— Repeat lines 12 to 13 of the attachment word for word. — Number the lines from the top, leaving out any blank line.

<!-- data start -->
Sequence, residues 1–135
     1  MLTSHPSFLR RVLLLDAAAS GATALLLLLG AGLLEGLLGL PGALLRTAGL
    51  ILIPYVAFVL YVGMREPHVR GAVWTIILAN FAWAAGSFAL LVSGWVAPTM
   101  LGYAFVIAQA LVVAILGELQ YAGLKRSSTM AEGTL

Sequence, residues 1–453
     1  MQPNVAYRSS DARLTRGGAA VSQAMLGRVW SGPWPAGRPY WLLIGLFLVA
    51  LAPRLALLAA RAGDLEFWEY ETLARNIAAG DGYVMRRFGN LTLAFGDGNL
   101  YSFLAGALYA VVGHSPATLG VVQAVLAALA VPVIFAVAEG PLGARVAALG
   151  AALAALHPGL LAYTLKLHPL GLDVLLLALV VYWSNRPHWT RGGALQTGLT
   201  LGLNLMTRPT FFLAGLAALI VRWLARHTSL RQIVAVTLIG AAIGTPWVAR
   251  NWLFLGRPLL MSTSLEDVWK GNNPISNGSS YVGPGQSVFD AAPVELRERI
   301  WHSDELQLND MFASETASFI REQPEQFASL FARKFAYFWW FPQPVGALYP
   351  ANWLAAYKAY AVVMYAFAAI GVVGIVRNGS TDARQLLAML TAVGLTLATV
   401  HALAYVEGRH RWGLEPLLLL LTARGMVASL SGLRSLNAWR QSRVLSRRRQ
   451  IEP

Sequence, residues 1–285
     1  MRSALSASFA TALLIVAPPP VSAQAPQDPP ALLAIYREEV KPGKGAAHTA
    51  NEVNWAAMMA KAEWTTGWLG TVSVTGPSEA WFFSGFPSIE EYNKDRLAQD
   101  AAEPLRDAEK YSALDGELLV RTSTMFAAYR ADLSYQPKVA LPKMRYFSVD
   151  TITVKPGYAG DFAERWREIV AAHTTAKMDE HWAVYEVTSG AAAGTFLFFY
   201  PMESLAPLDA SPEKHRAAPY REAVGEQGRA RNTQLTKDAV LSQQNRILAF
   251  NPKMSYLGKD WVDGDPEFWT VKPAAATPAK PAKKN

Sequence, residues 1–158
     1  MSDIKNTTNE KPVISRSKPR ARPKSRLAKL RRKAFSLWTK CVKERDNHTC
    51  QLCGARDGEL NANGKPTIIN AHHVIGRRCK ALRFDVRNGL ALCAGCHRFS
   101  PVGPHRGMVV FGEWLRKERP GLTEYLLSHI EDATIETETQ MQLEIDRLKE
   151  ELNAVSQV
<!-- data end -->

   301  WHSDELQLND MFASETASFI REQPEQFASL FARKFAYFWW FPQPVGALYP
   351  ANWLAAYKAY AVVMYAFAAI GVVGIVRNGS TDARQLLAML TAVGLTLATV